Vintage sewing machines like the Singer Stylist 457 were high-quality, top of the line models when they were originally produced. The heavy, metal bodies and gears made machines like the Stylist durable and built to last a lifetime, but the advent of new technology such as drop in bobbins and computerized stitch functions meant that this style of sewing machine was replaced as it dropped out of popularity. If you find a vintage Singer Stylist 457, you can have it up and running quickly once you learn how to thread the machine and wind the bobbin.
Things You'll Need
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Winding the Bobbin
Turn the hand wheel to raise the needle in the needle casing.
Open the slide plate located directly under the needle. Lift the bobbin out of the bobbin casing and close the slide plate.
Locate the knob in the hand wheel. Hold the hand wheel firmly in one hand and turn the knob in a counter clockwise direction with the other.
Position the bobbin on the bobbin pin. The bobbin pin is located on the upper right front of the sewing machine, just to the right of the stitch selection knob.
Place a spool of thread on the thread spindle and feed the thread from the spool through the eyelet at the top of the machine. Continue to feed the thread through the thread guide located above the stitch tension winding knob, around the tension knob, over and around the tension winding knob and finally up to the bobbin.
Thread the bobbin itself by finding the tiny hole located on its top. Feed the thread into the bobbin and out this hole, leaving a 3-inch tail of thread. You may have to remove the bobbin from the bobbin pin to do this.
Find the bobbin winding switch on the front of the sewing machine and switch it to the “on” position.
Grab the 3-inch tail of thread coming from the bobbin. Switch the sewing machine on, if it is not already, and start the sewing machine by pressing down on the foot pedal. The bobbin will wind as you operate the sewing machine and will stop automatically when the bobbin has filled.
Remove the bobbin from the bobbin pin, click the bobbin winding switch to the “off” position and use scissors to snip both the spool threads and the tail close to the bobbin.
Remove the spool threads from the bobbin winding guides. Tighten the knob in the hand wheel by turning it clockwise.
Threading the Bobbin Casing
Open the slide plate that covers the bobbin casing. Unwind a 2 or 3 inch piece of thread from a full or partially full bobbin.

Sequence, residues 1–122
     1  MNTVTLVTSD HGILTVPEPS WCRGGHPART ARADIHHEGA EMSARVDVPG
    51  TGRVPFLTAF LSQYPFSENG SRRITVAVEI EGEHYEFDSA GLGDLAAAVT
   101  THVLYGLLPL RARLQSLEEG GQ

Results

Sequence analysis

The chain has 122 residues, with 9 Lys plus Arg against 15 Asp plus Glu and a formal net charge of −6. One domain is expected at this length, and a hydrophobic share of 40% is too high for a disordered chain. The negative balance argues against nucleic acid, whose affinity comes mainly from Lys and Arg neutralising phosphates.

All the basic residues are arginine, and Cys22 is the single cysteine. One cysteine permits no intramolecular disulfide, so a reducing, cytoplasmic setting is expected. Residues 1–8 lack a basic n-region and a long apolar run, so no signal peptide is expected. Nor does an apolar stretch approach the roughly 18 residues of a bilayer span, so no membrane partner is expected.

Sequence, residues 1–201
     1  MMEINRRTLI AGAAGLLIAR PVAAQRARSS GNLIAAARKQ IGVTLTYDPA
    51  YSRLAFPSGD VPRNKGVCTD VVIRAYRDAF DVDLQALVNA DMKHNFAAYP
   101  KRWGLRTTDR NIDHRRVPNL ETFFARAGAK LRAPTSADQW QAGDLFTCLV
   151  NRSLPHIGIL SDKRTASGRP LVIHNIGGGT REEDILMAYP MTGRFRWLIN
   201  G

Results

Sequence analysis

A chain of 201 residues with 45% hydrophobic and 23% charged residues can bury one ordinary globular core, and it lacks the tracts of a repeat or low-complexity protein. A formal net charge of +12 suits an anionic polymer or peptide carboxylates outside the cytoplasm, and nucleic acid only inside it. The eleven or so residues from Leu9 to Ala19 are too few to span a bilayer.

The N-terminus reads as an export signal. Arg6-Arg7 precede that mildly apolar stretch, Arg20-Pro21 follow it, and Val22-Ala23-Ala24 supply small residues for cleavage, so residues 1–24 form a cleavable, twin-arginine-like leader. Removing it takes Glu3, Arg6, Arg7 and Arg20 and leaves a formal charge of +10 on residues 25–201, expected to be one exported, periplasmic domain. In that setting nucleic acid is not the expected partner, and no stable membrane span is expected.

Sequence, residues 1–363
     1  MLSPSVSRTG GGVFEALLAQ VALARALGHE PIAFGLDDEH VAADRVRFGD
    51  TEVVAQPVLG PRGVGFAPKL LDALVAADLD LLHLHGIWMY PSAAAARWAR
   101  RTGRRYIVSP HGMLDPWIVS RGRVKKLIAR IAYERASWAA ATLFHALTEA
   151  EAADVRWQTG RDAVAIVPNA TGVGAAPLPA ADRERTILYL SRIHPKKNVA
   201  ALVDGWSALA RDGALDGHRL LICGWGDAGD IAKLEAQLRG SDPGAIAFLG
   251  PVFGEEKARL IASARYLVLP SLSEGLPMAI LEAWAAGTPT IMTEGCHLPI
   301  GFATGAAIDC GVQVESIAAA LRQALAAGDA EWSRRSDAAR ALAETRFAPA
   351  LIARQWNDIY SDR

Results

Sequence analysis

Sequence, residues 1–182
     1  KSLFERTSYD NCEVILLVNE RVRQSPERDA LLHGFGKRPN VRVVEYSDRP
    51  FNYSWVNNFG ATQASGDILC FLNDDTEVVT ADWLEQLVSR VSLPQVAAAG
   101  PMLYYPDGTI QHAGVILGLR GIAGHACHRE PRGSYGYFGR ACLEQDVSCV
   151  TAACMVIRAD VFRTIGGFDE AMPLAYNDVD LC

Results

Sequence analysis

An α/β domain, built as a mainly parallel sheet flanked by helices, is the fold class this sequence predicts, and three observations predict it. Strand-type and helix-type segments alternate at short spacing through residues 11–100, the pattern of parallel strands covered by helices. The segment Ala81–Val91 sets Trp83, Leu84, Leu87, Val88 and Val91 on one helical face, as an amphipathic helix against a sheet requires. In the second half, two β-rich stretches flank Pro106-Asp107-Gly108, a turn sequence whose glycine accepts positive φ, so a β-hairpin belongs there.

Turn the bobbin in your hand until it's positioned so that the thread feeds from the counterclockwise direction. Put the bobbin into the casing, making sure the piece of thread you unwound in Step 1 is easily accessible.
Lightly pull the tail of thread to the left to guide it into the notch and under the tension spring located on the bobbin casing.
Lift the thread over the bobbin diagonally from top to bottom. Close the slide plate, making sure that the tail of thread is captured between the slide plate and machine’s fixed face plate.
Threading the Sewing Machine
Turn the hand wheel and raise the sewing needle to the highest position.
Put the thread on the thread pin and pull the thread to make a tail.
Feed the tail of thread through the thread guide hole on the top of the machine. Move down the machine and feed it through the holes located on the tension knob, move the thread back up and into the thread guide at the top of the sewing machine and end by moving the thread back down and hooking it through the thread guide located just above the needle clamp.
Put this thread through the eye of the needle and pull it gently away from you to create a 3 to 4 inch long tail.
Raising the Bobbin’s Thread
Grasp the 3 to 4 inch piece of thread coming through the eye of the needle while slowly turning the hand wheel clockwise so that the needle is dropped down inside the bobbin casing and at the lowest position.
Continue to turn the hand wheel clockwise until the bobbin thread is raised between the feed dogs.
Untangle the needle thread and the bobbin thread if they are wound together and pull both threads away from you to the rear of the sewing machine. The machine is now threaded and you can begin sewing.